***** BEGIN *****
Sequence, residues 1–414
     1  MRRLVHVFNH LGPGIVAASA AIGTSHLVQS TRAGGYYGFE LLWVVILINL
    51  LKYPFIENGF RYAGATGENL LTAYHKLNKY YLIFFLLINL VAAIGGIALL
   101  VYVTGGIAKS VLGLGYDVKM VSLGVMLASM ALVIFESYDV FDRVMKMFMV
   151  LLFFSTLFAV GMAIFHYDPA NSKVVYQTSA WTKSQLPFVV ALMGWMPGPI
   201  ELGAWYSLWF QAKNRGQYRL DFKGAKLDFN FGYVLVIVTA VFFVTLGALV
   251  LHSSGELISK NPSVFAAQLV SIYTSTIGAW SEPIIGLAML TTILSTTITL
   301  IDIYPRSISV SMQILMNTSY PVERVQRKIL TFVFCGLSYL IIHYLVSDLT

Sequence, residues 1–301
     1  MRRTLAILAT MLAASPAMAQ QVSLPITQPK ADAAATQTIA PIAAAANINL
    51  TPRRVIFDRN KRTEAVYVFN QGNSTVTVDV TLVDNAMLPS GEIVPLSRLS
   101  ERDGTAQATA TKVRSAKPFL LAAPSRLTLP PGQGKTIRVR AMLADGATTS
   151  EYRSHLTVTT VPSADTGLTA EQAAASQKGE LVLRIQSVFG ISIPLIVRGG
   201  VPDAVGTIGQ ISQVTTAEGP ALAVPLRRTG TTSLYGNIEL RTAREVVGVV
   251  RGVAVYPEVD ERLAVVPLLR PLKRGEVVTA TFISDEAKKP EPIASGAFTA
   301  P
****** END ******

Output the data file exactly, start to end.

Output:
Sequence, residues 1–414
     1  MRRLVHVFNH LGPGIVAASA AIGTSHLVQS TRAGGYYGFE LLWVVILINL
    51  LKYPFIENGF RYAGATGENL LTAYHKLNKY YLIFFLLINL VAAIGGIALL
   101  VYVTGGIAKS VLGLGYDVKM VSLGVMLASM ALVIFESYDV FDRVMKMFMV
   151  LLFFSTLFAV GMAIFHYDPA NSKVVYQTSA WTKSQLPFVV ALMGWMPGPI
   201  ELGAWYSLWF QAKNRGQYRL DFKGAKLDFN FGYVLVIVTA VFFVTLGALV
   251  LHSSGELISK NPSVFAAQLV SIYTSTIGAW SEPIIGLAML TTILSTTITL
   301  IDIYPRSISV SMQILMNTSY PVERVQRKIL TFVFCGLSYL IIHYLVSDLT

Sequence, residues 1–301
     1  MRRTLAILAT MLAASPAMAQ QVSLPITQPK ADAAATQTIA PIAAAANINL
    51  TPRRVIFDRN KRTEAVYVFN QGNSTVTVDV TLVDNAMLPS GEIVPLSRLS
   101  ERDGTAQATA TKVRSAKPFL LAAPSRLTLP PGQGKTIRVR AMLADGATTS
   151  EYRSHLTVTT VPSADTGLTA EQAAASQKGE LVLRIQSVFG ISIPLIVRGG
   201  VPDAVGTIGQ ISQVTTAEGP ALAVPLRRTG TTSLYGNIEL RTAREVVGVV
   251  RGVAVYPEVD ERLAVVPLLR PLKRGEVVTA TFISDEAKKP EPIASGAFTA
   301  P